Manson follower Leslie Van Houten denied parole by California governor
California Governor Jerry Brown has denied parole for Leslie Van Houten, a former follower of Charles Manson, who is serving a life sentence for murder.
A prison board had recommended parole.
However, Governor Brown said her "inability to explain her willing participation in such horrific violence" made him think she was still a risk to society.
Relatives of her victims opposed her release with a petition signed by 140,000 people.
Van Houten has now been denied parole 20 times over the 1969 killings of Leno La Bianca and his wife Rosemary.
Then 19, she held down Rosemary La Bianca while someone else stabbed her and she later admitted she stabbed the woman after she was dead.
"I don't let myself off the hook. I don't find parts in any of this that makes me feel the slightest bit good about myself," she said at her April parole board hearing.
Since her conviction, Van Houten, now 66, completed college degrees and demonstrated exemplary behaviour while in detention.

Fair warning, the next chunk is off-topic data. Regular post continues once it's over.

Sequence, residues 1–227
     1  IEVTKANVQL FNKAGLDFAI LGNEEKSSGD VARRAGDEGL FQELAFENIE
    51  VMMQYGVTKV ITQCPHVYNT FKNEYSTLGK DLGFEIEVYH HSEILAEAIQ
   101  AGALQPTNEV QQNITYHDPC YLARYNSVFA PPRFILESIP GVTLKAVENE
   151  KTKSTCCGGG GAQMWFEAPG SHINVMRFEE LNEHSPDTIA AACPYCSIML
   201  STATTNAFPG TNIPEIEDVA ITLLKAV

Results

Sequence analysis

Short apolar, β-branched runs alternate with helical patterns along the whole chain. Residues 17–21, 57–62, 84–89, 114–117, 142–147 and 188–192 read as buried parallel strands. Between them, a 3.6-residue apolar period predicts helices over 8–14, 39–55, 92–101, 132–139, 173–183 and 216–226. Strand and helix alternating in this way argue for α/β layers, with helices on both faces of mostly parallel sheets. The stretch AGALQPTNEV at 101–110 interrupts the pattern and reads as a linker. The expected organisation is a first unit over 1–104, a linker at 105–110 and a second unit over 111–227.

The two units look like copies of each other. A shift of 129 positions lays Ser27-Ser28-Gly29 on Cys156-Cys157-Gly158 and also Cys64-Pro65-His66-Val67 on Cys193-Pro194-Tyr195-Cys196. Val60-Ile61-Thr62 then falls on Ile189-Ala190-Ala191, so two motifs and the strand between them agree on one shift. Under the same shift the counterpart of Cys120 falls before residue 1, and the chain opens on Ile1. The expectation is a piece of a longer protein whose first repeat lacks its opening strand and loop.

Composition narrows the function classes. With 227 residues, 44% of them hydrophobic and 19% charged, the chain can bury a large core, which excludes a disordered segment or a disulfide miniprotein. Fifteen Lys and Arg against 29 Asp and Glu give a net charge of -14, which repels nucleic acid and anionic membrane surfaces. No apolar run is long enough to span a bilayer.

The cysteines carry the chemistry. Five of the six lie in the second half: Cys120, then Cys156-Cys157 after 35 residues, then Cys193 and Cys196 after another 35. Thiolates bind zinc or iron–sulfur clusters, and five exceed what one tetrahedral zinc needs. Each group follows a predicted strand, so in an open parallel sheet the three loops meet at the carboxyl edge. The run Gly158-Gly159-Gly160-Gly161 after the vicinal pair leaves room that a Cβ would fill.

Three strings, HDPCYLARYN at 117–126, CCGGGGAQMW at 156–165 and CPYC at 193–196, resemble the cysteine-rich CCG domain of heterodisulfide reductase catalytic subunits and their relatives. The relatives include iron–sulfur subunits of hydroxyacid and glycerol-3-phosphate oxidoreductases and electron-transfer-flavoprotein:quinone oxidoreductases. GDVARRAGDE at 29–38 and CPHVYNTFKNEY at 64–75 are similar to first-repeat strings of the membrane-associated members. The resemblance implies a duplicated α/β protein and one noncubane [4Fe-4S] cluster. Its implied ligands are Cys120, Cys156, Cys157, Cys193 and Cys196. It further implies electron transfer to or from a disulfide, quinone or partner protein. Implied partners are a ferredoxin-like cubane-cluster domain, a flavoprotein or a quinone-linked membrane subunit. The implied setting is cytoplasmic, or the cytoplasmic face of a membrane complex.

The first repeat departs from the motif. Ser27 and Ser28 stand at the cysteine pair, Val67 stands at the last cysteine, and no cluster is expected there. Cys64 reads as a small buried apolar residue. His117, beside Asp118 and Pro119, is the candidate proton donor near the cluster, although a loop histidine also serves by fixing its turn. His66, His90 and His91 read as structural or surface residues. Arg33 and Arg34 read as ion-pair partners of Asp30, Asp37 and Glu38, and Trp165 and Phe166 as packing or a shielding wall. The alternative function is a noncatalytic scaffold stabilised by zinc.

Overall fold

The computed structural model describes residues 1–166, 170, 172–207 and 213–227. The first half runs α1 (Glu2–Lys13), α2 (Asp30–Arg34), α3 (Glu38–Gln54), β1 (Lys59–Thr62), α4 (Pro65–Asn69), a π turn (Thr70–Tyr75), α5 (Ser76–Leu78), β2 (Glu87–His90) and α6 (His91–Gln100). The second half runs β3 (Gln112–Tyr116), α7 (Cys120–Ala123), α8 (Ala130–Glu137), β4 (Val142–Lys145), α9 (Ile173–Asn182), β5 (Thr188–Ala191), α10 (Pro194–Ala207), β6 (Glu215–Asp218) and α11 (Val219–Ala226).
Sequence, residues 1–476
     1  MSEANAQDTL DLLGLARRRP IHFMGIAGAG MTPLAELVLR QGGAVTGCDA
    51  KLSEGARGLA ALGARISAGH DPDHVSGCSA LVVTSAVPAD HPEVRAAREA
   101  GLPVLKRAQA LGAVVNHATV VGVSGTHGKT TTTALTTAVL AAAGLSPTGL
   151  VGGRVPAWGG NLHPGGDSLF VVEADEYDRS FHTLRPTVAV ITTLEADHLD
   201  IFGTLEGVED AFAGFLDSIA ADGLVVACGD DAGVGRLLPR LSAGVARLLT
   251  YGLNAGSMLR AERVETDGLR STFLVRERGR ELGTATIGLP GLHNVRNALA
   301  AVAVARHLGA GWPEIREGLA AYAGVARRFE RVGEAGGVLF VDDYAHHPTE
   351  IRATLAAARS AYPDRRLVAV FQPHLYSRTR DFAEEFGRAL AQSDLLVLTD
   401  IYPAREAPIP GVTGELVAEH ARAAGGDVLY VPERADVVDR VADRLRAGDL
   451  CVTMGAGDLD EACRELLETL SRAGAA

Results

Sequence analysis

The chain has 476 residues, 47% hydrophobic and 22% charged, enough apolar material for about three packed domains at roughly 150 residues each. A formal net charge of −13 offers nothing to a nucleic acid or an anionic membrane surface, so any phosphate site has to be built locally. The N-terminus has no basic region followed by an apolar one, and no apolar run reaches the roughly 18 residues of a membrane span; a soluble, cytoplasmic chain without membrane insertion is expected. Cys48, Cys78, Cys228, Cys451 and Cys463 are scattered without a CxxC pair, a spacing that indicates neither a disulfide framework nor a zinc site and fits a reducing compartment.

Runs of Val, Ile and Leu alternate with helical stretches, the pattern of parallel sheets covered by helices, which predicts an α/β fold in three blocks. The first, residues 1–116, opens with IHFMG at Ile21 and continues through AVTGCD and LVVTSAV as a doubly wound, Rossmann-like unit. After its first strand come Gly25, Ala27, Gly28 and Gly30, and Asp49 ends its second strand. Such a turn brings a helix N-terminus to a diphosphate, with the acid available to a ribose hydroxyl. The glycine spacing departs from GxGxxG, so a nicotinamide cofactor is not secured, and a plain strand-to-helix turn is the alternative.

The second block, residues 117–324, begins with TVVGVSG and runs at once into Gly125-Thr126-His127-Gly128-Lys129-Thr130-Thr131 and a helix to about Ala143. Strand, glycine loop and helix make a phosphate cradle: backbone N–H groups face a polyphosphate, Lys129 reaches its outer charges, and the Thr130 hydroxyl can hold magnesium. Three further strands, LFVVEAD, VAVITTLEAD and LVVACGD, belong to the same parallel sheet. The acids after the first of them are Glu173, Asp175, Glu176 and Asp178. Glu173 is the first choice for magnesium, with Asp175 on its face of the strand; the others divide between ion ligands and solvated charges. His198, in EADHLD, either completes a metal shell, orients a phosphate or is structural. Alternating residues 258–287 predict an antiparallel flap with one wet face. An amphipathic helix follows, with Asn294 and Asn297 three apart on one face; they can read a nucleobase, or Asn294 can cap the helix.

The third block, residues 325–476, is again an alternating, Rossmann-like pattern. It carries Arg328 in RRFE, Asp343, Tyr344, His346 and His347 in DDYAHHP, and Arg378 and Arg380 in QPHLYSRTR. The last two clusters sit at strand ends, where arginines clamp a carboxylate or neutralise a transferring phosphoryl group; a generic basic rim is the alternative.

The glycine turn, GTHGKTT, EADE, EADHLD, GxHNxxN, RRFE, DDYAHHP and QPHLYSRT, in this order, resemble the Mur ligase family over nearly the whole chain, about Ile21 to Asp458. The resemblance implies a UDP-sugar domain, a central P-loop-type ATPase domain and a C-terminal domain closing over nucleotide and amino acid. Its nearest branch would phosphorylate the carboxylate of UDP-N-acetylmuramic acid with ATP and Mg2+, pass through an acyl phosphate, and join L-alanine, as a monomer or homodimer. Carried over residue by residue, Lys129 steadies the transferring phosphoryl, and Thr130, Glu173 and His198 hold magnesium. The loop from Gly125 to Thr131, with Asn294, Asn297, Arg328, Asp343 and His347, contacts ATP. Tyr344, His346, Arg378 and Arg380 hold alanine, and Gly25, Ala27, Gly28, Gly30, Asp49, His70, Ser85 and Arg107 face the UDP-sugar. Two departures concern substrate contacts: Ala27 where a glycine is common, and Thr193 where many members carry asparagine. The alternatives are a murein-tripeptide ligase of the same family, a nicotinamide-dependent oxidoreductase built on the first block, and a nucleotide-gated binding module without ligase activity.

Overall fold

She was the youngest Manson follower to be convicted of murder.
She has been seen as the most sympathetic of cult leader's followers.
The La Bianca killings came a day after other followers of Charles Manson carried out the grisly murder of actress Sharon Tate and four others.
Prosecutors at the time said he controlled his followers using drugs and other means.
Manson, who directed but did not take part in the murders, thought the killings would start a race war, called "Helter Skelter" after a Beatles song.
Now 81, he remains in prison, as do others of his followers, including Patricia Krenwinkel and Charles Watson.